Climatic niche shifts are common in introduced plants.
I am very excited to announce that our paper has just been accepted for publication by Nature: Ecology & Evolution. In it, we show that almost 1000 invasvie plant species occupy much different climates in their introduced range than in their native range.
This finding is significant for several reasons. First, it means that species do not necessarily occupy the same environments everywhere they are found on Earth. Second, it casts doubt on the viability of using information about species’ native-range habitat preferences to predict where they will invade.
However, we found that niche shifts depended upon species growth form, life expectancy, and degree of cultivation, suggesting that ‘niche shifts’ might be predictable.
Particular congratulations go to Carissa Ervine, who contributed to this manuscript as an undergraduate student. She was responsible for assembling the first version of our database of 13 million occurrence records for 1135 species–a major undertaking!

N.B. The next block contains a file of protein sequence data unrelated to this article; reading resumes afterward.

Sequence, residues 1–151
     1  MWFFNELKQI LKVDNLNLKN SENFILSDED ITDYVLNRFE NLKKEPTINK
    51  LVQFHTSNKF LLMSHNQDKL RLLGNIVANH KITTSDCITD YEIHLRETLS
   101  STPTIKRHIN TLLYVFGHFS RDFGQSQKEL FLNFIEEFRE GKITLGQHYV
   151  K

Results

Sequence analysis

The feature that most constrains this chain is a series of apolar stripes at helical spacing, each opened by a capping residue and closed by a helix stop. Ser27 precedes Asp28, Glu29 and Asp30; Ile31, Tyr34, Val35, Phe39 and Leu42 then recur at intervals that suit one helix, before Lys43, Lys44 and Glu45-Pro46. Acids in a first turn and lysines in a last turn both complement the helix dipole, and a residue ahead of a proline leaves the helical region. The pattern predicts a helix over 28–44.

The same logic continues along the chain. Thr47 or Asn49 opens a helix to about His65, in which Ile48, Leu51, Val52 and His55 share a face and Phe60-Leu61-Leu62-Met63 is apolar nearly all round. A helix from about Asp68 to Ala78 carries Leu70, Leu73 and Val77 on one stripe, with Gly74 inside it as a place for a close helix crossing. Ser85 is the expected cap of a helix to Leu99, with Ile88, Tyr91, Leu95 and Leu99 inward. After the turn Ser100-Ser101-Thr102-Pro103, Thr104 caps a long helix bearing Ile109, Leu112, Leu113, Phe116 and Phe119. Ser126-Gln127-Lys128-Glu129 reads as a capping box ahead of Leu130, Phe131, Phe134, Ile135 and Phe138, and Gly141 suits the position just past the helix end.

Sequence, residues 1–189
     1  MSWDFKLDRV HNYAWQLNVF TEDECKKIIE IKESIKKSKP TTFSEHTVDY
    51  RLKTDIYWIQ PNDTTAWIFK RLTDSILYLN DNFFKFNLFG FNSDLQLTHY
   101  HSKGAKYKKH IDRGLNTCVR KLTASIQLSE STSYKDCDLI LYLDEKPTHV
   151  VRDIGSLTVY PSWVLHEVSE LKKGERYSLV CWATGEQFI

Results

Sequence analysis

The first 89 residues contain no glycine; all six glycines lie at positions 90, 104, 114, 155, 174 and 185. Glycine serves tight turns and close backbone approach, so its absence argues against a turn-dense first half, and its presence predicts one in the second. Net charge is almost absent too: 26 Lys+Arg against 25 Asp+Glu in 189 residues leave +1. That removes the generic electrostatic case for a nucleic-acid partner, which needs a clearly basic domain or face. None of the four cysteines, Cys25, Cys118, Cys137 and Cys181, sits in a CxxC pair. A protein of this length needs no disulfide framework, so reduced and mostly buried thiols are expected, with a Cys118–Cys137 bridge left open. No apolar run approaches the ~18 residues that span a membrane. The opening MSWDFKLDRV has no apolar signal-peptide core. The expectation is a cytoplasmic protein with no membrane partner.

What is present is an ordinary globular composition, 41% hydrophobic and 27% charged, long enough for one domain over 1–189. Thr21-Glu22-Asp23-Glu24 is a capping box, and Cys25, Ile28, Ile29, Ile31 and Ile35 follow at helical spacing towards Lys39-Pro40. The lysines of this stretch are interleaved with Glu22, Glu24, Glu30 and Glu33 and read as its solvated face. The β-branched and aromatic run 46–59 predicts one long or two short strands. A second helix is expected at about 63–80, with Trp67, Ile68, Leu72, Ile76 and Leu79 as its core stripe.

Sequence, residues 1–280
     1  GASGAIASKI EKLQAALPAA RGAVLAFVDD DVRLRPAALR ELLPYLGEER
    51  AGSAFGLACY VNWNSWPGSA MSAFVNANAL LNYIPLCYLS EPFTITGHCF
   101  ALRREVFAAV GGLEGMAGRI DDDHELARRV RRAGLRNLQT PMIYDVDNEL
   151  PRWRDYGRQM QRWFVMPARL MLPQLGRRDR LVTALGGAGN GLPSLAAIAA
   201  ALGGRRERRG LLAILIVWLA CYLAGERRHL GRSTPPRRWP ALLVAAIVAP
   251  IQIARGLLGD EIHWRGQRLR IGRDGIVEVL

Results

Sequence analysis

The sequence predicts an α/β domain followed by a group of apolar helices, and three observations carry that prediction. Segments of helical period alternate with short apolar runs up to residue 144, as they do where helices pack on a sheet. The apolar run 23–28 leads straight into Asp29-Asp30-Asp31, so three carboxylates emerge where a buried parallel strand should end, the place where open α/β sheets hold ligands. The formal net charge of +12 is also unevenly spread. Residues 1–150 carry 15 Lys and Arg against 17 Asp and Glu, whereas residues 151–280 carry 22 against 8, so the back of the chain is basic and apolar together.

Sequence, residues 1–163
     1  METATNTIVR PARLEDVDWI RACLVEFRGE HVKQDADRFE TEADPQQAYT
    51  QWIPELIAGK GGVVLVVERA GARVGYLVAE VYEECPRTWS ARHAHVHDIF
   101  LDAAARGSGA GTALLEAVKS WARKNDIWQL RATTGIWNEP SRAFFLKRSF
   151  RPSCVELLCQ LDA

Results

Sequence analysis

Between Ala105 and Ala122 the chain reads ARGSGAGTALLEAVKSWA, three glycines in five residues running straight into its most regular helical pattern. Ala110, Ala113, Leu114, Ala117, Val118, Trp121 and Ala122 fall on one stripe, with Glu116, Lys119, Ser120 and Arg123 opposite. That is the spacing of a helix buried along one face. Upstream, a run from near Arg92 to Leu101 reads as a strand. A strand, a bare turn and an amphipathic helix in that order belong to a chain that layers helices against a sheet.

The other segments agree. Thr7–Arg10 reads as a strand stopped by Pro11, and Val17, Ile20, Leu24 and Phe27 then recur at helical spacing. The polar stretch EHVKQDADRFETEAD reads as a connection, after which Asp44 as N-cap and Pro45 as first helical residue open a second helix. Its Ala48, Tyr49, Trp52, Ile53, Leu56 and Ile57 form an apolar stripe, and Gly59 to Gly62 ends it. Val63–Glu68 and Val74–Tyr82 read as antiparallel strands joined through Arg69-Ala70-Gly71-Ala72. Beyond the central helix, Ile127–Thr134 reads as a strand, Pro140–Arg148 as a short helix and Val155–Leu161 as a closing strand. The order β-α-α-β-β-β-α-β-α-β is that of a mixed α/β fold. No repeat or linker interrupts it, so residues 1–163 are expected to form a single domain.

Competition and propagule density affect sexual and clonal propagation of a weed.
Atwater, Kim, Tekiela, Barney
This study was pioneered by Wonjae Kim, an undergraduate student at Virginia Tech who designed and executed it on a grant from the Fralin Life Sciences Institute.
Wonjae confirmed that Johnsongrass establishes readily both from seed and from buried rhizome fragments, although these two modes of reproduction differed in their sensitivity to competition and soil quality. In fact, a single plant produces enough seeds and rhizomes to establish over more than a hectare (if spread out evenly)!
Wonjae’s results show that effective management of Johnsongrass must limit spread from both seeds and underground rhizomes.
A great way to ring in the new year!
An exotic invasive plant selects for increased competitive tolerance, but not competitive suppression, in a native grass
Fletcher, Callaway & Atwater (pdf)
Many congratulations to Rebecca Fletcher, who just had a paper accepted into Oecologia. Her paper shows that spotted knapweed, an invasive plant, selects for bluebunch wheatgrass plants that are tolerant of knapweed competition, but not for ones that are better at competitively suppressing knapweed.
This is the first direct test of the hypothesis that neighbor suppression does not provide fitness benefits to competing plants. Her finding is important because it challenges long-held notions of what makes a plant a good competitor. Becky performed this research as an undergraduate student at the University of Montana, on a grant she wrote for the Montana Integrative Research Experience for Students (MILES) program.